While I was in Paris caring for Sacha, Chelsea was on vacation in Brazil. Yeah she was there for two weeks. Chelsea returned Easter Sunday, which meant we were together at the apartment.
Have you heard of SNAPCHAT? It is an app for the cell phone, where you can send photos or videos to one another, also you cannot keep the photos or videos as they disappear within seconds (Unless you take a screen shot of it.) My nieces turned me on to SNAPCHAT when it first came out. We snap one another photos and videos every day. I feel like I am with them even though I am faraway.
While Chelsea was in Brazil she snapped us plenty of photos... while we were under a grey rainy sky she was sporting a bikini on the Copacabana. We were jealous. She snapped us videos of salsa dancing on the square, and boat rides to off shore islands.
When my nieces first told me about SNAPCHAT I couldn't grasp the concept why one would send a photo or video to someone and not be able to keep it. What was the point if it disappeared soon after you received it?
My nieces made the point clear by saying, "When you are with someone you "see" them yet you do not keep a "photograph" of every second of everyday, instead it becomes a memory." And so just like that I got it. We see each other everyday through SNAPCHAT and the memories gather within. The photos are simple, often not so perfect, instantly delivered of their everyday moments.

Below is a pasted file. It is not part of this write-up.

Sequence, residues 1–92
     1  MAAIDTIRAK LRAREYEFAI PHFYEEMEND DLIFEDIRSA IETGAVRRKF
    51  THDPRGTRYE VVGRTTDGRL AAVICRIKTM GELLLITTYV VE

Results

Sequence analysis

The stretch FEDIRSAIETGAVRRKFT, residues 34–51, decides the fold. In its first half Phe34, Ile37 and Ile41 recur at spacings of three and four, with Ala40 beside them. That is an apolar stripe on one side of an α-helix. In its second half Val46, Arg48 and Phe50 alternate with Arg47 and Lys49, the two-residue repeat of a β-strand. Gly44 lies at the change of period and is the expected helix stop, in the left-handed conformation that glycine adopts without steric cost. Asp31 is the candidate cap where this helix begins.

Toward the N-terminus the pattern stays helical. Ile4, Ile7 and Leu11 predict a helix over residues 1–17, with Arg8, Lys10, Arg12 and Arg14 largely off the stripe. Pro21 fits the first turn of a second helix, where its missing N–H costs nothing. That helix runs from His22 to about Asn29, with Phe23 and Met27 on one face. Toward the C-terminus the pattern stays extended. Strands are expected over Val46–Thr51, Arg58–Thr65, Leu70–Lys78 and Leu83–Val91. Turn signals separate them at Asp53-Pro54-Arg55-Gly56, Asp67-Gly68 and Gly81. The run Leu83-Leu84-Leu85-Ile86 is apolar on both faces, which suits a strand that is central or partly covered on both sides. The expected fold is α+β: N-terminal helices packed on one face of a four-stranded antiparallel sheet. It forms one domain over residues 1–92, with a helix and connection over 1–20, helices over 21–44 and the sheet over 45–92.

Chelsea and Sacha sending snaps to their cousins at Easter.
I have seen thousands of photos of my nieces school outfits, homework, pets, bad hair days, my mom cooking on Monday, their friends, marching in band, cheering at games, 4-H projects, singing One Direction songs, art class projects, jumping on the trampoline, playing monopoly, making funny faces... I love it! And look forward everyday to what snippets they will send me.
Do you Snapchat? If you do and you want to be see some random every day snaps add me as your friend. My name on Snapchat is, are you ready for this?
Yes that is my crazy name. And the snaps are everything and anything, but mostly random everyday stuff.
I have an idea up my brocante sleeve. If you want to tag along at the brocante with me. I could snap you photos, you could snap me back and we could have a live free conversation about what I am seeing.
Are you going to follow me?
Today I took the train home.
Such an unexpected week, Sacha all to myself.
Arriving early at the Gare de Lyon, I waited for my train
a young man passing by said (in French), "Hi Beautiful!"
He proceeded, "Want to sleep with me?"
He went on, "Can I ask you a favor?"
"Are you afraid of me?"
"Can I ask you a favor?"
"Listen whatever you ask I am going to say no."
It lead into the craziest conversation. He kept talking, asking me random questions. Sometimes I answered, sometimes I laughed, sometimes I said nothing as I stood waiting for my train. It did not bother me in the least that he carried on. At one point he said, "Do you believe in God?"
"Why are you asking me that?"
He pointed to a medal I was wearing.
"Oh. Because I am wearing a religious medal you want to know if I believe in God?"
"Yes. If you believe in God you would do me a favor."
"I am wearing this medal because I think it is pretty."
"You don't believe in God?"